What I’ve Been Reading Online



Electromagnetic spectrum: image from Wikipedia

Electromagnetic spectrum: image from Wikipedia – I found it great to learn more about it in the course I’ve been taking on Astronomy.

  • This month I’m taking a course in Astronomy through Open Universities Australia’s free Open2Study short courses. The course is a four-week introductory overview of the science of astronomy, major breakthroughs (including, refreshingly, frequent acknowledgement of women’s contributions to science) and some mind-blowing, awe-inspiring discussions about our wonderful universe. The course is presented by a radio astronomy researcher and lecturer from Curtin University in Perth, Western Australia.

As I’ve mentioned previously, though I have a lifelong love of science, for many years my particular social circumstances meant that my only exposure to scientific progress was heavily mediated by the selected reporting and interpreting of the creationist community. There were lots of reasons for this and as I’m completely disinterested in engaging in any debate (it’s just too dualistic and feels unnecessarily divisive and other people are far better at it than I), taking courses like this one has helped bring me up-to-date with current scientific understandings of the origin, expansion and development of the universe. One thing I’ve found particularly helpful in the Astronomy course is the clear explanation of what, exactly, are scientific theories (they’re not just vague hypotheses) and I have formed a far more accurate understanding of the process of the scientific method as it pertains to astronomy.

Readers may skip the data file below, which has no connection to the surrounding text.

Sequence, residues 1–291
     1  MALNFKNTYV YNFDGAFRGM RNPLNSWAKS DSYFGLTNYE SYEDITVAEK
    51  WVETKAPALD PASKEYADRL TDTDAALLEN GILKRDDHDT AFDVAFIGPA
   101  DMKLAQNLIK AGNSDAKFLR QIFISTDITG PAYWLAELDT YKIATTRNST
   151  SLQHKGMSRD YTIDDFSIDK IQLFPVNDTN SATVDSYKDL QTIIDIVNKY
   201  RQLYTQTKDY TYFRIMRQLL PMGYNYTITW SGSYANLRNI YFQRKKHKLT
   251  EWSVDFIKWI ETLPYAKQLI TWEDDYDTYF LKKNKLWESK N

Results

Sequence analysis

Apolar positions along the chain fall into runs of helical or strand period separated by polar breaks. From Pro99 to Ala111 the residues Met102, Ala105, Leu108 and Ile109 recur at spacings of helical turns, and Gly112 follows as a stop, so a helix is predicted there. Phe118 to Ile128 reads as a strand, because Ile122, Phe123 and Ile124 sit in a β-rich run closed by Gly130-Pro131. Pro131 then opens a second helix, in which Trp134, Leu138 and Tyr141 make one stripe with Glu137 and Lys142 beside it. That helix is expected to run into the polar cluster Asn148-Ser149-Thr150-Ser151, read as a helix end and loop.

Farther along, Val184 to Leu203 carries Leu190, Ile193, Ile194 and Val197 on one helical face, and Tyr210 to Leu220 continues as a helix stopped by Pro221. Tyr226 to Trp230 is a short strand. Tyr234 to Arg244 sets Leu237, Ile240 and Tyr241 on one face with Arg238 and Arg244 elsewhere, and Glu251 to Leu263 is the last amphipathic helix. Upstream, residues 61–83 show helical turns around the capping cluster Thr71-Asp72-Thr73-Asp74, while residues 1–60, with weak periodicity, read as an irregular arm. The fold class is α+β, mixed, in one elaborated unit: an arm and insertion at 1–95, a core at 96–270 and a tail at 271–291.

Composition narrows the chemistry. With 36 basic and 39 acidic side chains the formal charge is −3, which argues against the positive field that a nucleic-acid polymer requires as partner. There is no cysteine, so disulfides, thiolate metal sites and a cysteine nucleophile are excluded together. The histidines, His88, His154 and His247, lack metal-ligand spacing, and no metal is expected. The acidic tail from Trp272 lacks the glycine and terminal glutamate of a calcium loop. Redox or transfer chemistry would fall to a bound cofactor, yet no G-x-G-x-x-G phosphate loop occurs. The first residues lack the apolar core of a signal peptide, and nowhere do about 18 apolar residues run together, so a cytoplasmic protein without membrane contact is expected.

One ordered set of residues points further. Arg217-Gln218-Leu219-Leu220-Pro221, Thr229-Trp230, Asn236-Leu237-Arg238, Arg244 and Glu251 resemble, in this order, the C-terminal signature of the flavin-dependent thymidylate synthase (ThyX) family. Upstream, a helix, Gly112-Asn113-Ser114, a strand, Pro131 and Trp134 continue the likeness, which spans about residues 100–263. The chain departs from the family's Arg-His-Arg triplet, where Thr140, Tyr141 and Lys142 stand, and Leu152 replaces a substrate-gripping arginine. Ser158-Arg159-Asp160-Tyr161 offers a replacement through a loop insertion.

The course makes me think of Franciscan priest Fr Richard Rohr’s comment (which from memory I think was in this particular lecture) that scientists are far better than most religious folks at being humble before their incomplete understanding of the universe – where fundamentalism wants the black-and-white truth and wants it right now, science is able to take its time and explore the possibilities.